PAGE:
The accused in the wedding tent tragedy that killed 55 retracts her statement as her lawyers blame poor safety standards.
Woman denies lighting tent fire
A woman facing charges, including premeditated murder, denied yesterday in a Kuwaiti court lighting a fire at a wedding tent that led to the deaths of 55 women and children. Nasra al Enezi, 23, simply told the court "No" when asked whether she had committed the crime, contradicting a confession she had initially made not long after the incident on August 15. Her lawyers claim that the confession was made under duress during questioning by police.
Ms al Enezi was weak and relied on two female guards for balance as she was brought before the judge, Adel al Sager. She was allowed to rest after initially failing to respond to several questions about whether she had started the fire and whether she had intended to kill those present. When the black veil that covered Ms al Enezi's face was removed as she stood beside the bench, she looked overwhelmed. Instead of sitting in the caged dock with male prisoners involved in other cases, she stayed at the back of the courtroom, behind wooden panels, accompanied by female guards.
One of Ms al Enezi's lawyers, Khalid al Awadhi, asked for time to review the prosecution's case before the defendant was released on bail and the full trial began. He also urged the court to investigate an incident that happened in detention. He said Ms al Enezi's two-month-old foetus was aborted in prison without her consent after her arrest. The judge refused to release the woman and set the next date of the trial on November 17.
The public prosecutor did not speak at the hearing and declined an interview, but the defence team said Ms al Enezi had been charged with premeditated murder and starting a fire with an intention to kill. Ms al Enezi had initially confessed to lighting the fire that engulfed the tent in Jahra, a tribal suburb of Kuwait City, where the celebration continued on the night of August 15, the occasion of her husband's second marriage. She said she wanted to "burn the heart" of her husband for taking a second wife. Ms al Enezi's lawyers say she is still married to her husband, with whom she has two children.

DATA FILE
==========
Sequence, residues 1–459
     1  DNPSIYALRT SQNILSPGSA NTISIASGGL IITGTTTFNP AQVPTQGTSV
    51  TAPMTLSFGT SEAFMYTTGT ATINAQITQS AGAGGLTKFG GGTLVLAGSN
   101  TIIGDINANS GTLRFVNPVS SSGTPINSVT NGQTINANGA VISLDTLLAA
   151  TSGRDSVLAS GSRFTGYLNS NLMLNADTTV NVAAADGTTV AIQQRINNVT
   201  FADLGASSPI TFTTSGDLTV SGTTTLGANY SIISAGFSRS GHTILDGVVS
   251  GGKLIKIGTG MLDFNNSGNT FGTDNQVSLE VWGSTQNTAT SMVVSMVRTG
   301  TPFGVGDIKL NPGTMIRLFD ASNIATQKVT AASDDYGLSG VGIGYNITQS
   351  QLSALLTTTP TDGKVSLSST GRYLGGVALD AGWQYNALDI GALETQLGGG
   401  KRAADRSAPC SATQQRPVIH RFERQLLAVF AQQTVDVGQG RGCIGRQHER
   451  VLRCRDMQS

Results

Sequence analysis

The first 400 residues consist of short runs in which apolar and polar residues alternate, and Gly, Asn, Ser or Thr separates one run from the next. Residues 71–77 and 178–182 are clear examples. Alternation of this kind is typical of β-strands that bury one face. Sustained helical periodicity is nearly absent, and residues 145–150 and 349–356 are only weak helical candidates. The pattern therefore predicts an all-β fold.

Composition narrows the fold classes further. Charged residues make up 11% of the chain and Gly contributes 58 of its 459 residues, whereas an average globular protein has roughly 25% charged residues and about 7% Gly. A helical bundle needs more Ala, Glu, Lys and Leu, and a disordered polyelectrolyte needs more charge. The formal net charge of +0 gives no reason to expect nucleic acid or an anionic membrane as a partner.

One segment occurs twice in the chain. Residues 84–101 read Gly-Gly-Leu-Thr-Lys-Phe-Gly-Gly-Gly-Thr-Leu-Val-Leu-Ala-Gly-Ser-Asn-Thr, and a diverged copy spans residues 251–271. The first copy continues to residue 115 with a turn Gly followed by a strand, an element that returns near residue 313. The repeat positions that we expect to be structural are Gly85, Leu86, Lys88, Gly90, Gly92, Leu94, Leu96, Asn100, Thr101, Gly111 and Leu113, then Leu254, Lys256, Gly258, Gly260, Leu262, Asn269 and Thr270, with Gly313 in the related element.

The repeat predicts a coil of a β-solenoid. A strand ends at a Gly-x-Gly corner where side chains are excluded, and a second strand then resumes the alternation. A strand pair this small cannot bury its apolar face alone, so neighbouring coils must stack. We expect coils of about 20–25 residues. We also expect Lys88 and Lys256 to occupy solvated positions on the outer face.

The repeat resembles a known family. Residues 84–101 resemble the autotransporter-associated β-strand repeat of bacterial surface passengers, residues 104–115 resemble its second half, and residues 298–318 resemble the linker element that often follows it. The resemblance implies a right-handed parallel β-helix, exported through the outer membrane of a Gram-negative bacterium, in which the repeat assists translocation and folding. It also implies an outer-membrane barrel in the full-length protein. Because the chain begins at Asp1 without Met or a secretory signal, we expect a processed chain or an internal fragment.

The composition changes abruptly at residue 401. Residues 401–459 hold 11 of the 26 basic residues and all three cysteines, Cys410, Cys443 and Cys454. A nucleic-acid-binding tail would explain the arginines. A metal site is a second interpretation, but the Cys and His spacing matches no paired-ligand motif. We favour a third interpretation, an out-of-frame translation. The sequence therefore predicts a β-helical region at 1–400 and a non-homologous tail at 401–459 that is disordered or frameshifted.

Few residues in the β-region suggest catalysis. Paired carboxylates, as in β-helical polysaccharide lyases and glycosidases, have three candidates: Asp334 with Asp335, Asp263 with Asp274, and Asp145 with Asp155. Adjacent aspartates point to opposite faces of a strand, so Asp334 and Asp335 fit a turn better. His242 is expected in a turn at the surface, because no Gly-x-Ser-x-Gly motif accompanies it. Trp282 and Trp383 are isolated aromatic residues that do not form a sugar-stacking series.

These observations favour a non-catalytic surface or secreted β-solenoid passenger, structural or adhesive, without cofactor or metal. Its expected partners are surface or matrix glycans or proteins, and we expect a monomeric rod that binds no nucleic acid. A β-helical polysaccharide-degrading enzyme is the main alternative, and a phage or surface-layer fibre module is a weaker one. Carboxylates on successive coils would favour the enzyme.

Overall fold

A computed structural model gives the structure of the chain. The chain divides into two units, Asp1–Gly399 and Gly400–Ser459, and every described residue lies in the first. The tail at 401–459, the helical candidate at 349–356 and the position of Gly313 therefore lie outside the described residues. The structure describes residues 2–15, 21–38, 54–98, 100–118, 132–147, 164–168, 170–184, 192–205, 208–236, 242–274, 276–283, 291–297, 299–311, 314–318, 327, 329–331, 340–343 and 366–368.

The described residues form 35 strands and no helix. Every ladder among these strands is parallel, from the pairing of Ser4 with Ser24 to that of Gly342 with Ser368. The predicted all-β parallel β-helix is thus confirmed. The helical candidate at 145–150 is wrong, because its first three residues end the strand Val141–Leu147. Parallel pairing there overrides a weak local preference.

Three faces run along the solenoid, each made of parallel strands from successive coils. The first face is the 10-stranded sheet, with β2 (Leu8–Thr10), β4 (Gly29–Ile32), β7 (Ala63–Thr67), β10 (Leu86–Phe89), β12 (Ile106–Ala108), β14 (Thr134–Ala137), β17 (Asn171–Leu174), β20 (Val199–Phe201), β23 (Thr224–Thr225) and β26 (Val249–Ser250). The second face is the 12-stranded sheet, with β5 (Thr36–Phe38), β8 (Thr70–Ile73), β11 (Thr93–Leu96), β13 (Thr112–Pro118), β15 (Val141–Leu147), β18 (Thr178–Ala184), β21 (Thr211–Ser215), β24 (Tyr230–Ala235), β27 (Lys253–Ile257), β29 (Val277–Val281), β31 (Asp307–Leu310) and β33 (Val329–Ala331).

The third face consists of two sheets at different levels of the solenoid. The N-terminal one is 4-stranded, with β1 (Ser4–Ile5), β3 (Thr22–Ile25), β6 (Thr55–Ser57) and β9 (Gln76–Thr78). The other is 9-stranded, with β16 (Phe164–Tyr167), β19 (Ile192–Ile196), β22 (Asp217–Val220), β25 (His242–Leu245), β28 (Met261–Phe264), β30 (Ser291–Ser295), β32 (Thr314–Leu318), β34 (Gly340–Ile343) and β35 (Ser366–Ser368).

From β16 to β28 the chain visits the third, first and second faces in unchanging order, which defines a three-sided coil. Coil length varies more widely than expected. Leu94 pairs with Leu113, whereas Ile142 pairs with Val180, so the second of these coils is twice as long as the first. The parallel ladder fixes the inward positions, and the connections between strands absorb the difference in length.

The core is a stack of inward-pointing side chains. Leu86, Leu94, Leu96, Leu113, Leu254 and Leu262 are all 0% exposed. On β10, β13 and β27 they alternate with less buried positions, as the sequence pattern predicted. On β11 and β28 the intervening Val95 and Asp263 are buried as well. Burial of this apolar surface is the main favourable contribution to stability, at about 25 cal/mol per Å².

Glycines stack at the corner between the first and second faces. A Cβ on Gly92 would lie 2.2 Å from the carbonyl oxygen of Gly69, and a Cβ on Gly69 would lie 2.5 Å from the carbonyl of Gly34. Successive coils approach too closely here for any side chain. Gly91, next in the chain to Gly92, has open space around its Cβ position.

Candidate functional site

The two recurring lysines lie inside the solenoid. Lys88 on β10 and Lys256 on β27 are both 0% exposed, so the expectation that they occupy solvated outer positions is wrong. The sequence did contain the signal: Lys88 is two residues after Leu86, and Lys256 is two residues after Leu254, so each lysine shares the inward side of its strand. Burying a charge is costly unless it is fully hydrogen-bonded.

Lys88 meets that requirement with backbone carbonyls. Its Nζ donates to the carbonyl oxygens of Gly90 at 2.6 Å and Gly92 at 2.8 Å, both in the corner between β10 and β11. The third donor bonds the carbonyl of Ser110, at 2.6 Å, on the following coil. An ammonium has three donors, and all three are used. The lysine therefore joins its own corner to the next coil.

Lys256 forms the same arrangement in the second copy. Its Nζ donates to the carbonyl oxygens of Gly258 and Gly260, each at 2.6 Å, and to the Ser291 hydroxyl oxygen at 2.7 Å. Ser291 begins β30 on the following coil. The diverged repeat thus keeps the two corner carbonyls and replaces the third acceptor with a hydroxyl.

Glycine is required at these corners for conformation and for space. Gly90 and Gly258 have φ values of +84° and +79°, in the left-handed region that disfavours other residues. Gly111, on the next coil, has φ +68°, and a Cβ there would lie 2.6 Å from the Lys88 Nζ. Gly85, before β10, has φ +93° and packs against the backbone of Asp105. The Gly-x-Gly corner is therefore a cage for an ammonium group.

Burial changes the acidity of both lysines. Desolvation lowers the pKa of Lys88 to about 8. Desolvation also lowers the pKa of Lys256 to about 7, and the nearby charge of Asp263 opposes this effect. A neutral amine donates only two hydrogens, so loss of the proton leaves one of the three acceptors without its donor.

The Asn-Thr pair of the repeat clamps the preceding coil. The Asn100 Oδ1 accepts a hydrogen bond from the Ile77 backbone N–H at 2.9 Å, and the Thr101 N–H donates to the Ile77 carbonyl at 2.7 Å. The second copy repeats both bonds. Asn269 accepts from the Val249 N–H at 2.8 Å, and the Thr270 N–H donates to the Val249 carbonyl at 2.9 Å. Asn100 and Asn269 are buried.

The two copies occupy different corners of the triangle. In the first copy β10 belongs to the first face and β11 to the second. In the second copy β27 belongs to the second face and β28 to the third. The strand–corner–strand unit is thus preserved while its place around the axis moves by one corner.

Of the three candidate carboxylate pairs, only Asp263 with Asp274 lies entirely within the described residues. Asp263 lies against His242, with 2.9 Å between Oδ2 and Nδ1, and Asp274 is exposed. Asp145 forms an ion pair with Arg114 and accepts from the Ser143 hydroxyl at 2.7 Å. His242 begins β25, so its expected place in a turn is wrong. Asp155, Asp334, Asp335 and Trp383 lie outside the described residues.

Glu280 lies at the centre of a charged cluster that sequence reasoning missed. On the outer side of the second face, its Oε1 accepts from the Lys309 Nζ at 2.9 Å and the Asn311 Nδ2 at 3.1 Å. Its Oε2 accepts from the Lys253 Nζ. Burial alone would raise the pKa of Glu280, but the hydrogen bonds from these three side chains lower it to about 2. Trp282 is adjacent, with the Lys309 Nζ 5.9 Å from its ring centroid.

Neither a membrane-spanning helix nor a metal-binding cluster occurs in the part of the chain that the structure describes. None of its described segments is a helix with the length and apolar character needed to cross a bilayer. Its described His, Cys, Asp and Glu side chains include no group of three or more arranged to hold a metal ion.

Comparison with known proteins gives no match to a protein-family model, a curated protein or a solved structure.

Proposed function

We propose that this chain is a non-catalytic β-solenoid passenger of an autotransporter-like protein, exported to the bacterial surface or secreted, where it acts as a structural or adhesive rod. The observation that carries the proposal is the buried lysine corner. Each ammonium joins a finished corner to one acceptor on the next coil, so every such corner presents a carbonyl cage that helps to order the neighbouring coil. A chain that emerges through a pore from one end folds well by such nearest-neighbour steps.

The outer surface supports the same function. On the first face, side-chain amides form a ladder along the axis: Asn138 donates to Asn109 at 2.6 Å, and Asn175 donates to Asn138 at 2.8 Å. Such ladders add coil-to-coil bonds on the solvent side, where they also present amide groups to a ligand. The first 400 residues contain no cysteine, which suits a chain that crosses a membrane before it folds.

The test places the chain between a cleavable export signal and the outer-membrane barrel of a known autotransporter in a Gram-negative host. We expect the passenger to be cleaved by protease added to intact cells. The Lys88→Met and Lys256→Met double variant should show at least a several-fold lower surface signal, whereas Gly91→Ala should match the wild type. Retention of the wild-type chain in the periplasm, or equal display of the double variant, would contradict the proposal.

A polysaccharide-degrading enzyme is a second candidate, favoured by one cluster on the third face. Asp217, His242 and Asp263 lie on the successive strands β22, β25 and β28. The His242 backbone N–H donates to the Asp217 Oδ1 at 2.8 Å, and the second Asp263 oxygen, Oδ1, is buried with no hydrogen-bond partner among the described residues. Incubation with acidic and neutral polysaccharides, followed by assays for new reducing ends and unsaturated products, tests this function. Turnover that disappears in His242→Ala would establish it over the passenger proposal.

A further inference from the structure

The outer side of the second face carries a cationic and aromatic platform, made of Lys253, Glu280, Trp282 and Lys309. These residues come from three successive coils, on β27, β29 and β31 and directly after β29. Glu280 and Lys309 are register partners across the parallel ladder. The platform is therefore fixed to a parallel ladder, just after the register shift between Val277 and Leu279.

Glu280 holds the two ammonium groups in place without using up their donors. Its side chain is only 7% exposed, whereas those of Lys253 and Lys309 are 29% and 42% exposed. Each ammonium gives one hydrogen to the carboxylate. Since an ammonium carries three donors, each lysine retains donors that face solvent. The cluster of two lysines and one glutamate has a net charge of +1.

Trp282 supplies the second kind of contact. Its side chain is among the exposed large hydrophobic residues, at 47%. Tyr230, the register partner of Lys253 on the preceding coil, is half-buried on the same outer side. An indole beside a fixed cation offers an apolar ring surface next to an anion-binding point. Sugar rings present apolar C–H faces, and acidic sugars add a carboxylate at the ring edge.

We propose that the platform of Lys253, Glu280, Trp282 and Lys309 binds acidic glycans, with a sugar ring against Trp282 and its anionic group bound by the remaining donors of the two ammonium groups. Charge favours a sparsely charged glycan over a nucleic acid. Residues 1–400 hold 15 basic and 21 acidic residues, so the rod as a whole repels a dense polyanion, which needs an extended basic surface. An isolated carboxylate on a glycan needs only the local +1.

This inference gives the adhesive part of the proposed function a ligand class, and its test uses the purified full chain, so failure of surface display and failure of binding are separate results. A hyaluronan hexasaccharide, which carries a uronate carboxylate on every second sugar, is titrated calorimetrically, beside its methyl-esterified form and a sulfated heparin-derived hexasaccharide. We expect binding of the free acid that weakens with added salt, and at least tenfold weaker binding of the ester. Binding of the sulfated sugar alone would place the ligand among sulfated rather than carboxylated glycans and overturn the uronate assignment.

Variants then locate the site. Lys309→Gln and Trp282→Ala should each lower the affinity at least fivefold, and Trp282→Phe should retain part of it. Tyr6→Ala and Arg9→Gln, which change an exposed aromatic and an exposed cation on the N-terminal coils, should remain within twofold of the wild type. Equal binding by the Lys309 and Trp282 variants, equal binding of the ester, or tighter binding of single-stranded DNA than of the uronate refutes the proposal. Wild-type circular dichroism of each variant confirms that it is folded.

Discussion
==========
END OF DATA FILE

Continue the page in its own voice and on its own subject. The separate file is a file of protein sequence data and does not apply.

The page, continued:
Mr al Awadhi took the case to defend Ms al Enezi about six weeks ago. In comments suggesting that the defence was going to work on the basis that Ms al Enezi had started the fire, Mr al Awadhi had said in an interview this week - before Ms al Enezi's denial in court yesterday - that his client should not be charged with murder because she had not intended to kill the partygoers, but "only intended to make them afraid and ruin the party".
He had said the tent's poor safety standards contributed to the death toll, as did the interference of local men, who prevented firefighters from entering the tent and partygoers from leaving because the women were inappropriately dressed. He had said they did so because "everything's haram" in that conservative part of the city. Mr al Awadhi had said the only exit from the tent was a small tunnel connected to the door of the house, while the chairs were chained together and could not be moved. The tent was full of oxygen because of the air conditioners and the tent's wax coating prevented water from penetrating.
Brig Ameen Abdeen of the fire department said locals did not hold up the rescue effort and the fire was put out within minutes of the first rescue team's arrival. He said: "The firemen were prevented [from entering the tent] by neighbours and husbands of the ladies there, in case they were half naked, but this was after the fire was put out, and they only prevented them for a few minutes. "The women were wearing wedding dresses that burnt quickly and some of the bodies were nearly naked," Brig Abdeen said. "When the firemen tried to pull some of the bodies from the tent, that's when people stopped them."
Mr al Awadhi said he would argue that the woman's confession was extracted under extreme pressure, in the absence of an attorney, and should therefore not be used as evidence. He said: "They investigated her for two or three days consecutively, from the beginning of the day to the end, so there was no break. She was under pressure and said what they wanted her to say." Another defence lawyer, Zaid al Khabbaz, said the defendant was illiterate and her interrogators made her copy out a confession and sign it even though she did not fully understand its meaning.